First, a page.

[asterisk-dev] SIP/SDP: ptime in translation module?

Matthew Jordan mjordan at digium.com
Sun Oct 4 21:06:50 CDT 2015

On Fri, Oct 2, 2015 at 2:13 PM, Alexander Traud
<pabstraud at compuserve.com> wrote:
> I am creating a translation module for AMR-WB. In one scenario on the
> SIP/SDP layer, a higher ptime was negotiated than the default one. For
> example, 60ms were negotiated instead of the AMR default 20ms. Now, Asterisk
> should send three frames per RTP packet. I try to play one of the recorded
> voices (slin8). Asterisk sends 320 samples to my translation module; the
> default for 20ms packetization. My translation module has to wait 960
> samples to create the frames.
> Which structure do I have to query: How do know the ptime, there in such a
> transcoding module? This was available in Asterisk 11 via
> ast_format->cur_ms. How do I access this information in Asterisk 13|master?
> I am asking asterisk-dev, because all transcoding modules might be affected.
> At least with AMR-WB, I have to code/build those frames within the module
> because RFC 4867 mandates a special header (section and At
> first glance, this could be an architectural issue. Therefore, I am asking
> for advice how to approach this: Simply, re-adding "cur_ms" to ast_format?

I don't think we want to add cur_ms back to ast_format, for two
reasons. The first is simply that packetization is negotiated at the
media level, and applies to all formats negotiated for that media
session. Hence why it was removed from the formats themselves - it
exists at a "higher" level.

Second, formats in 13+ are immutable by convention; this gave Asterisk
a big performance improvement as it didn't have to copy the format
structs all over the place. Unfortunately, that also means you don't
want to change them too often. Generally, once created for a channel,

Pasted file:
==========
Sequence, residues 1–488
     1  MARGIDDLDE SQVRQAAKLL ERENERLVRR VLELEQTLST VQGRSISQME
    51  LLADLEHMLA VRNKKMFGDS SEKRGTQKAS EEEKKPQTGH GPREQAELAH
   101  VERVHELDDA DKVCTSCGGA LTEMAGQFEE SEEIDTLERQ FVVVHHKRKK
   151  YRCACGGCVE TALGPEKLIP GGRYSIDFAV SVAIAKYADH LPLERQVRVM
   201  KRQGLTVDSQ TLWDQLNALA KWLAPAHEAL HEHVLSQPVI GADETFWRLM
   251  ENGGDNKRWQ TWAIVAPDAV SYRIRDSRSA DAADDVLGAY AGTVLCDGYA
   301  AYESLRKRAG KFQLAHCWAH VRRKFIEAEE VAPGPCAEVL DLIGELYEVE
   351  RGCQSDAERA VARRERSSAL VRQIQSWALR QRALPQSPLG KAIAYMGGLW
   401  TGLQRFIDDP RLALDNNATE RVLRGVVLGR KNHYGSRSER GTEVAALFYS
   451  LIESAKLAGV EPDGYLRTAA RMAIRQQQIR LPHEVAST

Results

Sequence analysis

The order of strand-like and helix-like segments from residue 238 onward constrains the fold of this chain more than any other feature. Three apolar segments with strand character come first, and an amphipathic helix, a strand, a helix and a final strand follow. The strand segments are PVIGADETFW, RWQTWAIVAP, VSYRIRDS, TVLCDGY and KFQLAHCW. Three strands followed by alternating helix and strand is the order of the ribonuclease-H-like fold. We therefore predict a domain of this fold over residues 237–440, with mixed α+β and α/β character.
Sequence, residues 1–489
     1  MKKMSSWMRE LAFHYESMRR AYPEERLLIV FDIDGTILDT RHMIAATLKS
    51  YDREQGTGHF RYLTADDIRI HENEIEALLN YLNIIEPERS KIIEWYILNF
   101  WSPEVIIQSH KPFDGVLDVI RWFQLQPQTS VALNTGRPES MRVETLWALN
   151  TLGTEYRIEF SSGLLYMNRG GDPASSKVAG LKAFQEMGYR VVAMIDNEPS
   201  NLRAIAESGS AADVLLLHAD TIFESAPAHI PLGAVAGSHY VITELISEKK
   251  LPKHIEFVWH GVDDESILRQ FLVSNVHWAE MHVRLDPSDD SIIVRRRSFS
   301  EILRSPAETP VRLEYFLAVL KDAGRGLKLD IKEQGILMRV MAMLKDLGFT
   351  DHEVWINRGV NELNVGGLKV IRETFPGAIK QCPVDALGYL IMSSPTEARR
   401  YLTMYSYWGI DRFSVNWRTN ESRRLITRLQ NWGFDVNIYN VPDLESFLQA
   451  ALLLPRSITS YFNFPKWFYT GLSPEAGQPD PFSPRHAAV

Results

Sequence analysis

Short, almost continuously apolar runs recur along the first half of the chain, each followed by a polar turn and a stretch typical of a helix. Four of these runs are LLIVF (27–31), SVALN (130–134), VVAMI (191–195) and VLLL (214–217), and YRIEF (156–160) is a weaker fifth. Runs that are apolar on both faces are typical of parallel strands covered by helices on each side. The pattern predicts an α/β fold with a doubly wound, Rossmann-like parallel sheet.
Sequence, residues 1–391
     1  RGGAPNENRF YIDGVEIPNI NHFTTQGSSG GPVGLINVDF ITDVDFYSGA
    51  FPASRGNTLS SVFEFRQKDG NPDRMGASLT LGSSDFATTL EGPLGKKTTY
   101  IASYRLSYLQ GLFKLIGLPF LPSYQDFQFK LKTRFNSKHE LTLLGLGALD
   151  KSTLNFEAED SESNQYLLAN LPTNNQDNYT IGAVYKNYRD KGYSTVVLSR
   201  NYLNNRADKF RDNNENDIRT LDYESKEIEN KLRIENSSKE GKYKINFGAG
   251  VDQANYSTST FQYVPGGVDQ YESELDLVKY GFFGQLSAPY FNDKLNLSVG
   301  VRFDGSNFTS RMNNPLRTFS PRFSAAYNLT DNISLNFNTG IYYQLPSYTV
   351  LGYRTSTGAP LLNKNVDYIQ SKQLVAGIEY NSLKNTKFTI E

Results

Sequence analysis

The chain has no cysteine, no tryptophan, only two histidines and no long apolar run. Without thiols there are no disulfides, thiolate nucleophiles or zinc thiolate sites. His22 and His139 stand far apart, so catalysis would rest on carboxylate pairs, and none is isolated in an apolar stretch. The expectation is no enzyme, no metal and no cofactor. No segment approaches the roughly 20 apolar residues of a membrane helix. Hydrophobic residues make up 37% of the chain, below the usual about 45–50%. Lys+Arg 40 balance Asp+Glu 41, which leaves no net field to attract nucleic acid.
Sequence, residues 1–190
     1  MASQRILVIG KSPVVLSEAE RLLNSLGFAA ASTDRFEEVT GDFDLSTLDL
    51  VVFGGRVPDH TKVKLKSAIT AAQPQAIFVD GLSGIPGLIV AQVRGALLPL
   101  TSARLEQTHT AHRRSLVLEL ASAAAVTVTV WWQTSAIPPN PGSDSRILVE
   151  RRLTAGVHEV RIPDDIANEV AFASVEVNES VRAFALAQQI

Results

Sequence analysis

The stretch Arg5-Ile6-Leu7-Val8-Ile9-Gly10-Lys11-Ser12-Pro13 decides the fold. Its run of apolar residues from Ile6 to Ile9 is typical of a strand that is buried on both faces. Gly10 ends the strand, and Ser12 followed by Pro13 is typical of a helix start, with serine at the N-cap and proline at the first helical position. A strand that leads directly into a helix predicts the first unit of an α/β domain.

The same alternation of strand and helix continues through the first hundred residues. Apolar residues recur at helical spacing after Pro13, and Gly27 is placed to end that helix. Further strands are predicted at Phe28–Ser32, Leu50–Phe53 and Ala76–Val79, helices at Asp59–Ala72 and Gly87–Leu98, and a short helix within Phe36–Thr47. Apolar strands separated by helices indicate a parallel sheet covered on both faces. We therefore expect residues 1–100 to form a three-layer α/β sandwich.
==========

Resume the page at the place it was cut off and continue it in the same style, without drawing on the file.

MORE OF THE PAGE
you don't want to put more information in them or otherwise muck with
them. Modifying a format during negotiation can be done, but there's a
hit you pay for doing it at that point.

Currently, packetization is only stored on the RTP instance, as that
represents the media session that was negotiated along with all
formats in that media session.

If you need to get that information into a codec module, there's a few options:

1) Implement an attribute module for the format, such as
res_format_amr_wb. You can set arbitrary attributes on any given
format, and it will set those attributes in various callbacks into the
module. The callbacks are responsible for creating a new cloned
format, setting attributes on it in some private data structure, and
returning the clone. The format core is smart enough to not impact
"normal" formats using this approach. You can look at the existing
implementations, such as res_format_attr_opus, to get a hint on how to
do that. There are, however, a few issues with this approach:

a) By default, the format attribute modules expect to get their
attributes out of an 'fmtp' line in an SDP. The ptime attribute won't
be passed along with that. That means that you'll have to update
parsers of 'ptime' in the various channel drivers to call
ast_format_attribute_set with the ptime value, and handle the cloned
format appropriately.

b) You'll need to pull the format for the RTP instance's codecs out
using ast_rtp_codecs_get_payload_format, which may be tricky. Another
way of handling this approach would be to implement the call to
ast_format_attribute_set in ast_rtp_codecs_set_framing, as it knows
how to get at the formats stored in the RTP instance.

2) Another option would be to just store the framing on the frame
itself. Frames are not immutable; they are created by the RTP instance
(which has the framing for that instance available on it), and could
easily be set in ast_rtp_read. Since the framing negotiated is not
dependent on the format but on the media session itself, it seems more
appropriate to store it on the frames generated by that media session.
What's nice about this is that codec modules are fed frames already;
that means there's no additional lookups you'll have to do in your
codec module.

Of the two approaches I like #2 best, but some others may want to
chime in on this as well.


Matthew Jordan
Digium, Inc. | Director of Technology
445 Jan Davis Drive NW - Huntsville, AL 35806 - USA
Check us out at: http://digium.com & http://asterisk.org

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